Today, my relationship with the family is fine, but I have a mental block and a feeling that I don't belong with them despite them showing nothing but love and support. I was and still am hurt about this and have blocked a lot out and continue to where I can to distract myself with my friends and with travel. However, I have never really shared this information with anyone or talked about it. Only my family knew and I made it a taboo subject to talk about in my mind with anyone. The only person I would talk about this too is my mum, she would call me every day checking I am ok. However, when I wasn't great I would tell her my adoption is always on my mind and I feel lost. She is deeply regretful and in tears, begging for forgiveness and wishing she could turn back time and had told me earlier. Over the years there was not much of an emotional connection with my dad although he does care in his own way. I feel obliged to look after him and be at peace with everything that's happened in the past. The relationship with my brother and sister has never been close when I compare it to others but I believe we all know we care for each other and I will do my best to let my guard down more and have a better connection.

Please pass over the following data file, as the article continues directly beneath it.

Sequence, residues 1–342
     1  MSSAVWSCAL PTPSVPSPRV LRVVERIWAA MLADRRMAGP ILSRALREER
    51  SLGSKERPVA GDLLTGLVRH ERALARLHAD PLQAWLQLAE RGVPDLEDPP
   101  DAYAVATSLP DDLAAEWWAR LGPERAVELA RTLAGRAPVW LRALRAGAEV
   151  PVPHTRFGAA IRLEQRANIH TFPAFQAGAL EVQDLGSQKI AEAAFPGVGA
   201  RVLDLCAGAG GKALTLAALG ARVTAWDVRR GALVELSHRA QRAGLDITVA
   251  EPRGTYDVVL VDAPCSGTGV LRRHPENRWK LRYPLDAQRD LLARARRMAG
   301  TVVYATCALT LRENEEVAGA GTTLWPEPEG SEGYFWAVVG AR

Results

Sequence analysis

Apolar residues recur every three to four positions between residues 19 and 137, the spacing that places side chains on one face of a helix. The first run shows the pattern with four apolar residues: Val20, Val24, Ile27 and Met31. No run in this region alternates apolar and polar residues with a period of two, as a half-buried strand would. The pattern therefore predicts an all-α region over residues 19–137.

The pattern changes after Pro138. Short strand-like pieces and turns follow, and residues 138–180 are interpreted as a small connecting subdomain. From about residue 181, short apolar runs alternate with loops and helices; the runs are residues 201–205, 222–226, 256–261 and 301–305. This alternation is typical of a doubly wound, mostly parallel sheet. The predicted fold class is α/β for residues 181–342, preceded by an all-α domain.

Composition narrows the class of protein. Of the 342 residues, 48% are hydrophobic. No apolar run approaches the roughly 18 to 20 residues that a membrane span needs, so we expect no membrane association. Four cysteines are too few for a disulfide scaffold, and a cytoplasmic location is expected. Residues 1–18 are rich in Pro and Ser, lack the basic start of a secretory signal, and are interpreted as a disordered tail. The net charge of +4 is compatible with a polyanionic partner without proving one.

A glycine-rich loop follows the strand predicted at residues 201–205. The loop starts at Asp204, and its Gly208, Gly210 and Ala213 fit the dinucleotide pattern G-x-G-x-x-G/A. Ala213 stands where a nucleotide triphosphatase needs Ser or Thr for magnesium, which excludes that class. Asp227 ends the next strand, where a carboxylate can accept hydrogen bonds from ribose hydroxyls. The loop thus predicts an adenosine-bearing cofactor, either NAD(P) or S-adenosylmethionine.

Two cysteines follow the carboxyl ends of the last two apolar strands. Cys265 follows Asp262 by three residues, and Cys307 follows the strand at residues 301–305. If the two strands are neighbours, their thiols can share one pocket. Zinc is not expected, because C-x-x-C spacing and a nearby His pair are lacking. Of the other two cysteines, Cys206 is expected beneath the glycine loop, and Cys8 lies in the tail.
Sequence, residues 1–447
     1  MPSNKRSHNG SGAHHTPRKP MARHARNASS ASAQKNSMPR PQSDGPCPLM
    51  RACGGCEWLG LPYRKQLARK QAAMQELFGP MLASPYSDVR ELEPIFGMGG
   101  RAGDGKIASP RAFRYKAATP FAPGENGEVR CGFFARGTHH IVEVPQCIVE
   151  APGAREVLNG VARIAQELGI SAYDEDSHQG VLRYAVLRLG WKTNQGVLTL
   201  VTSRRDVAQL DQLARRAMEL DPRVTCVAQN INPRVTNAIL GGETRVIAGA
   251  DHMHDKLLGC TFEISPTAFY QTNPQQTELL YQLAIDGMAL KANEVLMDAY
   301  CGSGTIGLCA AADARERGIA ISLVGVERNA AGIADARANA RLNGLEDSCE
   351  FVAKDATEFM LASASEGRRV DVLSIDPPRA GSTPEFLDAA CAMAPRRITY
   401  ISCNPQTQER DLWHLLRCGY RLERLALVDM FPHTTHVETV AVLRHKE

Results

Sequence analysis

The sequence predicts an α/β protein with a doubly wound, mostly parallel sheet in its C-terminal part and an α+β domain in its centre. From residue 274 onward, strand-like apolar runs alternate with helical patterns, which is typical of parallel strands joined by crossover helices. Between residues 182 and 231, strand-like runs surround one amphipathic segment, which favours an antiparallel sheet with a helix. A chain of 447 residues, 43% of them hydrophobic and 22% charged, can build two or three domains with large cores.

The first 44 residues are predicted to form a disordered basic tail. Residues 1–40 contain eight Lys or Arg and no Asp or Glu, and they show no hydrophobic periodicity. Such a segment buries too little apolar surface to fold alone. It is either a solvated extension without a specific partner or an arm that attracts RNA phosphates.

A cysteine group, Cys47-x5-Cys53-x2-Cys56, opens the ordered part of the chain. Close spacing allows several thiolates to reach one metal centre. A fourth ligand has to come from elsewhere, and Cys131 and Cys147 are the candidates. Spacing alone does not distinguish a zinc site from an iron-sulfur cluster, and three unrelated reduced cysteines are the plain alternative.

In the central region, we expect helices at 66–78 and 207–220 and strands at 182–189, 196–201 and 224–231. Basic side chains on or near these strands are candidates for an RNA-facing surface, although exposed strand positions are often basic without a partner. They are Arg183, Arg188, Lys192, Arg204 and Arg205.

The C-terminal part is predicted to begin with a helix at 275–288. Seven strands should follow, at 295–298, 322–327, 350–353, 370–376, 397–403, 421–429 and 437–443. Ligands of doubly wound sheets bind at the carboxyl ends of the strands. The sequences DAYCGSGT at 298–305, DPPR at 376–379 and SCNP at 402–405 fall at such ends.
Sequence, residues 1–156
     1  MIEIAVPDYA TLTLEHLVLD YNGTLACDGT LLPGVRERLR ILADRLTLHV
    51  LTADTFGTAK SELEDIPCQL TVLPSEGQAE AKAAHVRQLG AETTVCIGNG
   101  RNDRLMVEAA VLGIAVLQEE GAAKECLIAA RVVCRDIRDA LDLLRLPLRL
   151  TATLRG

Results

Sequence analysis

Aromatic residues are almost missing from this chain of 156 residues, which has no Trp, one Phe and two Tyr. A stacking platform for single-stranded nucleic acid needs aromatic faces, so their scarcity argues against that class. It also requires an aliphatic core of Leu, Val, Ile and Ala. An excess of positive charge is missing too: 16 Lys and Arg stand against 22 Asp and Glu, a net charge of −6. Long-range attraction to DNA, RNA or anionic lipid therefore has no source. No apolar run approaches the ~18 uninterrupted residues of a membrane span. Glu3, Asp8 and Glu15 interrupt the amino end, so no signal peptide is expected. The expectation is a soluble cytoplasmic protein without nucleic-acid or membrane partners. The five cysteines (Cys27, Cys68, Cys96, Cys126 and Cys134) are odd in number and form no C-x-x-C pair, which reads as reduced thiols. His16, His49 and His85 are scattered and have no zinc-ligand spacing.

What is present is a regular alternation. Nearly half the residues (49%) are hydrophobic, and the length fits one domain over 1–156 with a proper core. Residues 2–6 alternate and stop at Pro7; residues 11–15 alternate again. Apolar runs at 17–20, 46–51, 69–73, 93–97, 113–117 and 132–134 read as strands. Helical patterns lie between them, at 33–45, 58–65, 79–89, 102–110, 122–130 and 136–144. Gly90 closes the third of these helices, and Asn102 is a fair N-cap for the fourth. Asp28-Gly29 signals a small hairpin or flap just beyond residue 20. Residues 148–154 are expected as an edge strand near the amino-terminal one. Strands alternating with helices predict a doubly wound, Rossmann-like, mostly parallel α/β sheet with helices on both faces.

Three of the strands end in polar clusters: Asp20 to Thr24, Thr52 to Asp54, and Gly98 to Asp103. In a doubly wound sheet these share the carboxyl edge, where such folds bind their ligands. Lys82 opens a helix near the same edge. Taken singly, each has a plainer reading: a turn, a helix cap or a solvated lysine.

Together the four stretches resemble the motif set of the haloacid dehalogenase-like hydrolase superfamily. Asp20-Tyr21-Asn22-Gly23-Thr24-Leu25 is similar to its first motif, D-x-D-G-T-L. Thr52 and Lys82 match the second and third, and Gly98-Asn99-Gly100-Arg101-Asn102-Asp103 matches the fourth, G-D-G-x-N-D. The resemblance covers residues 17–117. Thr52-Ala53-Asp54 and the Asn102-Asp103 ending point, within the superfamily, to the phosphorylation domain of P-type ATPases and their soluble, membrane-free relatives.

I am 30 years old now and for the past 5 years or maybe even until that day I have dealt with depression, had mental health problems with suicidal thoughts so I was taking medication on and off to deal with this. I noticed a depressive spell would come so then I would lock myself away with my thoughts and cut contact with everyone going into a rut. Over the years my depressive spells got worse and lasted longer. Due to my adoption, I felt the need to be perfect and grateful. I put a lot of pressure on myself to prove to everyone I deserved to be picked. Over the last 2 years bottling it up got too much so I have told 2 people on separate occasions (not close friends) when I was drunk and got a supportive reaction but personally felt sick and instantly regretted it feeling shameful never talking about it again. I did try to get counselling a year ago but wasn't ready and just walked out. I didn't even have the guts to open up and tell my councillor then. It has only been over the recent years I have been more at peace with myself and tried to aspire to be the best person I can be. I would help out all family and friends financially trying to spread my generosity even to those that didn't deserve it. Over the years I experienced a lot of betrayal from friends mostly who take my kindness for weakness so I am numb to when people let me down or doing something hurtful.